The turning of the year is a fine time for new beginnings, as the recently departed David Bowie knew well. In December 2015, close to 340,000 customers began a relationship with a new electricity supplier, shopping around for better deals and saving money to help cover the cost of Christmas extravagance. Whether these Changes will Set the World on Fire, provide suppliers with Dollar Days and consumers with Golden Years of Heat remains to be seen – perhaps the happiness will last Five Years or Slip Away by Valentine’s Day.
The turning of the year also marked my own personal energy transition. On the winter solstice I accepted an offer to leave the Department of Energy and Climate Change and to join Energy UK. It is a wonderful experience to step through the looking glass, and these early days when the similarities and differences between government and industry are most apparent are fascinating and precious. With the inevitable caveat that a rounded judgement is tricky when hours in the role can still be counted on fingers and toes, first impressions are positive.
The esteem with which Energy UK and its membership from the wider UK electricity industry are held in government is clearly justified, and happily for my future conversations with old colleagues and friends, many individuals in DECC are remembered by name and well-regarded by industry. Energy industry working methods, vocabulary, office organisation and practices are largely similar across the public/private divide, and it is encouraging to confirm that each sector’s understanding of the other’s priorities and practices is largely correct.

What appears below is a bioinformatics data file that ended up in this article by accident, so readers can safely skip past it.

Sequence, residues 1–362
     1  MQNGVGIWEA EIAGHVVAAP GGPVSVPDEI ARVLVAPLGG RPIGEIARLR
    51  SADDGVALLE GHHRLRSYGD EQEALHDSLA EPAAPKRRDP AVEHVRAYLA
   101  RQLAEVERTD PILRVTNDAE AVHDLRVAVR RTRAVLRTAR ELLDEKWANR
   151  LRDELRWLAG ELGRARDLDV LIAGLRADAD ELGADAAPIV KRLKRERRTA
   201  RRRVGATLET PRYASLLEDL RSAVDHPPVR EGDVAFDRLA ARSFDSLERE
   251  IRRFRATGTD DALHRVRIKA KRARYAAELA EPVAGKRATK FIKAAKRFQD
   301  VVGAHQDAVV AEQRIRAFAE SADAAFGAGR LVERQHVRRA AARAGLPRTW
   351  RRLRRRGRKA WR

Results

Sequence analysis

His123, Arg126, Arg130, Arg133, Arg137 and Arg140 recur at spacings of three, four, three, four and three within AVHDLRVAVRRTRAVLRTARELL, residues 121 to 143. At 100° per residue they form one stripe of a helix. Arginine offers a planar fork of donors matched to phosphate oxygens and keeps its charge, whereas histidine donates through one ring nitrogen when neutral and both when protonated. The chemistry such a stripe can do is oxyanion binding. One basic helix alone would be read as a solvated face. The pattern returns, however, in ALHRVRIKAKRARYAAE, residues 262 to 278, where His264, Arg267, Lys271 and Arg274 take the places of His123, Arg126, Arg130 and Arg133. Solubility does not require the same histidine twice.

The most interesting differences arise from structural elements inherent to each sector and diverging requirements for individual career progression. The future Sir Humphreys who will a decade hence be running the country – or officially, advising the sensible men and women temporarily holding ministerial office – must develop the ability to see the biggest of pictures and balance competing (and occasionally diametrically opposing) priorities to maximise national happiness. Consequently, the brightest civil servants change portfolios, policy areas and departments almost with the seasons. Such is the nature of government; when interests must be balanced and difficult choices made, capable generalists must rise to the top. The private sector – blessed with the luxury of a P/L account and a bottom line – has more tangible objectives best advanced by knowledgeable specialists. As such, companies should – and do – employ and promote those who know the industry best, and indeed, the depth of knowledge of colleagues with experience measured in decades is both awe-inspiring and reassuring. The industry is clearly in safe hands.
Looking ahead, the days will grow longer, temperatures will rise and April's Tooth of Gold will bite through the present winter chill. In legislative and regulatory terms, the Energy Secretary promised in November to ‘reset’ UK energy policy – Amber will still go green, although perhaps in a rather different way. Time will march onward and the year ahead promises to be both exciting and eventful.